13. Billy T Use Sugar Cane Alcohol car Fuel Valued Senior Member

    I don't think so. they need more grains as population is eating better, now more meat, etc. Brail's exports of soy to Chinas are still expanding. Nearly 1 million farmers/ per month may no longer come to the cities looking for factory jobs, but they still need greater supplies of pigs and chickens as population lives "higher on the hog" now days.

    There is no "massive investment" gain for China by giving us the dollars to use to buy their production in an endless circle. The reason they have had so much FDI is that everyone with funds to invest can see that huge market and wants a piece of China's growth. A few US factories have even been crated up and shipped to China as that is where the profits and future markets are.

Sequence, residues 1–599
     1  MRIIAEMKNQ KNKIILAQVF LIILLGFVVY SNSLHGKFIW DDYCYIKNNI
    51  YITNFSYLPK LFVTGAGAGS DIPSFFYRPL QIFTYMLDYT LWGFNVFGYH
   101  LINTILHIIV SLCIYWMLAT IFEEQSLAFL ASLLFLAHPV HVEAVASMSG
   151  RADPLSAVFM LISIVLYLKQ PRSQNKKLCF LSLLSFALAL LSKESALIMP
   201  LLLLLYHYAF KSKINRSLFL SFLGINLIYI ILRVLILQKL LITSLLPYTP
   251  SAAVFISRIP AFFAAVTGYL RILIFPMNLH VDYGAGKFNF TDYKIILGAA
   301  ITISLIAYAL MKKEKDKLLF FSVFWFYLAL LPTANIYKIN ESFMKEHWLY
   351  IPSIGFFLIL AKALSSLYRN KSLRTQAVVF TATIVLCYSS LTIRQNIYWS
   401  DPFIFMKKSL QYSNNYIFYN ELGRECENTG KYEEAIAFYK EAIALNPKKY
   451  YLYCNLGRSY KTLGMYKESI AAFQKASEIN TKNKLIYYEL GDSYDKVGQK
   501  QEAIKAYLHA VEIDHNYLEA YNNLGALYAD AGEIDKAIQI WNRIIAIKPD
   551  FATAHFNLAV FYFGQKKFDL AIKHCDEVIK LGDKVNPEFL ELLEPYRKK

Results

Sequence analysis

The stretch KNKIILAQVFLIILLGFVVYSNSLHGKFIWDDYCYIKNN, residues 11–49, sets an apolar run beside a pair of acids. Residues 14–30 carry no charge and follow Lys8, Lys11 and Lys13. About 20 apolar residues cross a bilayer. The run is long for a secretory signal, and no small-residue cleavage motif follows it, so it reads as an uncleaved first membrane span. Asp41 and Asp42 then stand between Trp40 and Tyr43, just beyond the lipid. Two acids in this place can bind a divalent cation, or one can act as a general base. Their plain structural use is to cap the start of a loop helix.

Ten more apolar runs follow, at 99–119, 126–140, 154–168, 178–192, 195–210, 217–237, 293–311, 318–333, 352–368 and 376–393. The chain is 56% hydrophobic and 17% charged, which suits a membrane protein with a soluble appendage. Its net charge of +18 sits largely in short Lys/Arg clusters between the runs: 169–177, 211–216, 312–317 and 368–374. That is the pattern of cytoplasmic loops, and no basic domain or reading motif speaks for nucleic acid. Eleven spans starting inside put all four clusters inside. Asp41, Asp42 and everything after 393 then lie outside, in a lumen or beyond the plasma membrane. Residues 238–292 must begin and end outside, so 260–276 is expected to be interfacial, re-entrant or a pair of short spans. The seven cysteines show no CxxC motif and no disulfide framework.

China's switch to a short term buyer of Treasuries is large part of why the yield curve has become so steep - only about two or three years ago it was occasionally inverted as China did not like to constantly roll its Treasuries so mainly bought longer term bonds. This drove the 30 year bond interest below the 2 year bond at times! - Crazy economically, but more convenient for China's fund managers.
    Last edited by a moderator: Apr 17, 2009
  14. Billy T Use Sugar Cane Alcohol car Fuel Valued Senior Member

    Here is some infromation on China's health care "safety net" needs and plans

    "... Only half of all Chinese citizens are covered by basic health insurance, and this coverage is inadequate. It averages only $18 per person a year.